Initialize new disks
Applies To: Windows 10, Windows 8.1, Windows 7, Windows Server (Semi-Annual Channel), Windows Server 2016, Windows Server 2012 R2, Windows Server 2012
If you add a brand new disk to your PC and it doesn't show up in File Explorer, you might need to add a drive letter, or initialize it before using it. You can only initialize a drive that's not yet formatted. Initializing a disk erases everything on it and prepares it for use by Windows, after which you can format it and then store files on it.
If your disk already has files on it that you care about, don't initialize it - you'll lose all the files. Instead we recommend troubleshooting the disk to see if you can read the files - see A disk's status is Not Initialized or the disk is missing entirely.
To initialize new disks
Here's how to initialize a new disk using Disk Management. If you prefer using PowerShell, use the initialize-disk cmdlet instead.
Open Disk Management with administrator permissions.
To do so, in the search box on the taskbar, type Disk Management, select and hold (or right-click) Disk Management, then select Run as administrator > Yes. If you can't open it as an administrator, type Computer Management instead, and then go to Storage > Disk Management.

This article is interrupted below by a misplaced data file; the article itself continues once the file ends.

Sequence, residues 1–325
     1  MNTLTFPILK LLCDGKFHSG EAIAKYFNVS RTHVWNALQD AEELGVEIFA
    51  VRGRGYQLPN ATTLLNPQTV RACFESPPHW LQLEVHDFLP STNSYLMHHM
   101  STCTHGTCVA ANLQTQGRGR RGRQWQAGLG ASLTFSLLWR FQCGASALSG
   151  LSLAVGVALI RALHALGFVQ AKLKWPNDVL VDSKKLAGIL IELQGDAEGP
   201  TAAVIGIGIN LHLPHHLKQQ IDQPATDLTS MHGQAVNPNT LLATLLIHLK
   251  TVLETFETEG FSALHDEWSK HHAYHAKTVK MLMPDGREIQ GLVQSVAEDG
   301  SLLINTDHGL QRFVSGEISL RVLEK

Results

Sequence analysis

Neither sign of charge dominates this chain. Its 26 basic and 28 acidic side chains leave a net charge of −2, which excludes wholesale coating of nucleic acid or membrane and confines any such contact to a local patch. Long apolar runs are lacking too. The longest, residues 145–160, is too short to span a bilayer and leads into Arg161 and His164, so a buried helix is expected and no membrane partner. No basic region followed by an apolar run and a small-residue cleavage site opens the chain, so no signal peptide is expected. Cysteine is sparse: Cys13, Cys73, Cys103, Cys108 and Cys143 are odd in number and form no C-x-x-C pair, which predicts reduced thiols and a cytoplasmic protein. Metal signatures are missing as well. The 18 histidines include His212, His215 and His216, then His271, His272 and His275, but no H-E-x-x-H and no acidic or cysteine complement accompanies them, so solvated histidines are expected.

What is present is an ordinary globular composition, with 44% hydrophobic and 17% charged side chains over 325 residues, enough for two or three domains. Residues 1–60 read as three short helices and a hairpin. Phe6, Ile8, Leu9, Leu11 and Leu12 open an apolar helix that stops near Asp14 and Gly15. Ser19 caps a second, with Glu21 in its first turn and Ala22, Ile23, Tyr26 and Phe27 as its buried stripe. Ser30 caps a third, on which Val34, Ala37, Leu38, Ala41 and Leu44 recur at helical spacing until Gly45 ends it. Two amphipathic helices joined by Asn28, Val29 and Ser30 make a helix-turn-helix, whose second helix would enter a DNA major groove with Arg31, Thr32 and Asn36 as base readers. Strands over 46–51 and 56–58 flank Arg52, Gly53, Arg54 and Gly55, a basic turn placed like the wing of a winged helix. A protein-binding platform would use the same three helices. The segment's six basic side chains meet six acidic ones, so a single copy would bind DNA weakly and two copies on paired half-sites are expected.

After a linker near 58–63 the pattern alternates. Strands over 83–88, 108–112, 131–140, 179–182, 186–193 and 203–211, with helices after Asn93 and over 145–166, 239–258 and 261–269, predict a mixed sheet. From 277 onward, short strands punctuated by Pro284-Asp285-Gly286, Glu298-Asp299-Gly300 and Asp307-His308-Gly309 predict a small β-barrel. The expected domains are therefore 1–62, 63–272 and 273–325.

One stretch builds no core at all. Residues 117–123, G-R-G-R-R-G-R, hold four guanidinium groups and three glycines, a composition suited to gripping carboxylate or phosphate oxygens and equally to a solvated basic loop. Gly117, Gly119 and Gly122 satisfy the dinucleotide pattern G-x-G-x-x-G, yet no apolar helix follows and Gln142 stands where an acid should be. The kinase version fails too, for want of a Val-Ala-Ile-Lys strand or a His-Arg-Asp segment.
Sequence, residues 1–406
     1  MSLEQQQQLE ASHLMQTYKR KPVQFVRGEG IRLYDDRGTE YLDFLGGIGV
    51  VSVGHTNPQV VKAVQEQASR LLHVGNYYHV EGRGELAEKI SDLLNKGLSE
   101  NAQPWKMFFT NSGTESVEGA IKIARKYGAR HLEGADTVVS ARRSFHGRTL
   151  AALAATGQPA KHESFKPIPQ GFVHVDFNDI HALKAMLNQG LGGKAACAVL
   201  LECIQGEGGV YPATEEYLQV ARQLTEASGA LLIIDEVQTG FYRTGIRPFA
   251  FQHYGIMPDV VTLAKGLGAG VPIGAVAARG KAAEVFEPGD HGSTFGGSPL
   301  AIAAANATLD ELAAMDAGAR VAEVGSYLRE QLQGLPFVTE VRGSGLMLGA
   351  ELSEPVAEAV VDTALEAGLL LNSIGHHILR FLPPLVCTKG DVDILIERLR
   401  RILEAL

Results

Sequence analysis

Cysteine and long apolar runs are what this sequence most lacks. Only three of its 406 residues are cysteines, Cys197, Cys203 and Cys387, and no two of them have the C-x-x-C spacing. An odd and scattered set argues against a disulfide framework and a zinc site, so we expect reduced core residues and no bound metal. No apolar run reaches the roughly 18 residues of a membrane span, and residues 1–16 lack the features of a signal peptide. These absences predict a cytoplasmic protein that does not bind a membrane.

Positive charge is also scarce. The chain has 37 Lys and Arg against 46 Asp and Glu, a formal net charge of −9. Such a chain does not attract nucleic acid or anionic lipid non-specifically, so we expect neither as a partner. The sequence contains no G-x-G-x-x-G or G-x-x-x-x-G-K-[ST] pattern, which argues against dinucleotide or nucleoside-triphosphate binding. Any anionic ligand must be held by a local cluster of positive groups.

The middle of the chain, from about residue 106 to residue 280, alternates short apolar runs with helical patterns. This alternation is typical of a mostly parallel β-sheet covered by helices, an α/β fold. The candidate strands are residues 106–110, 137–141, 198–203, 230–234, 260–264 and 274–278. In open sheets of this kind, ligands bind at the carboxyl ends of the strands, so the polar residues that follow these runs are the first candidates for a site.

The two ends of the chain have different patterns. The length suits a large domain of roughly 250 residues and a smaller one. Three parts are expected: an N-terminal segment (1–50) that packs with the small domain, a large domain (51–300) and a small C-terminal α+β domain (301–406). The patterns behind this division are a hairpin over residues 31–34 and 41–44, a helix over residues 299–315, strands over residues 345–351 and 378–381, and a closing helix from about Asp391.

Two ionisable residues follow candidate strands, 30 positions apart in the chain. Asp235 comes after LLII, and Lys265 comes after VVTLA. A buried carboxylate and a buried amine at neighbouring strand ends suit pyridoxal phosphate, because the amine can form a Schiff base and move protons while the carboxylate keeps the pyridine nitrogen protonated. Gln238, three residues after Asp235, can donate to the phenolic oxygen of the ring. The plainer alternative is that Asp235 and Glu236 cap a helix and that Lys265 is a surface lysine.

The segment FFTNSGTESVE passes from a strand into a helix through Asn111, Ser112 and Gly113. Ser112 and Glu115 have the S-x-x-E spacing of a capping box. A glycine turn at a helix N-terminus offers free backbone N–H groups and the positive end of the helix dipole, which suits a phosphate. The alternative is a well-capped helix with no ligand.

In Disk Management, right-click the disk you want to initialize, and then click Initialize Disk (shown here). If the disk is listed as Offline, first right-click it and select Online.
Note that some USB drives don't have the option to be initialized, they just get formatted and a drive letter.
In the Initialize Disk dialog box (shown here), check to make sure that the correct disk is selected and then click OK to accept the default partition style. If you need to change the partition style (GPT or MBR) see About partition styles - GPT and MBR.
The disk status briefly changes to Initializing and then to the Online status. If initializing fails for some reason, see A disk's status is Not Initialized or the disk is missing entirely.
About partition styles - GPT and MBR
Disks can be divided up into multiple chunks called partitions. Each partition - even if you have only one - has to have a partition style - GPT or MBR. Windows uses the partition style to understand how to access the data on the disk.
As fascinating as this probably isn't, the bottom line is that these days, you don't usually have to worry about partition style - Windows automatically uses the appropriate disk type.
Most PCs use the GUID Partition Table (GPT) disk type for hard drives and SSDs. GPT is more robust and allows for volumes bigger than 2 TB. The older Master Boot Record (MBR) disk type is used by 32-bit PCs, older PCs, and removable drives such as memory cards.
To convert a disk from MBR to GPT or vice versa, you first have to delete all volumes from the disk, erasing everything on the disk. For more info, see Convert an MBR disk into a GPT disk, or Convert a GPT disk into an MBR disk.
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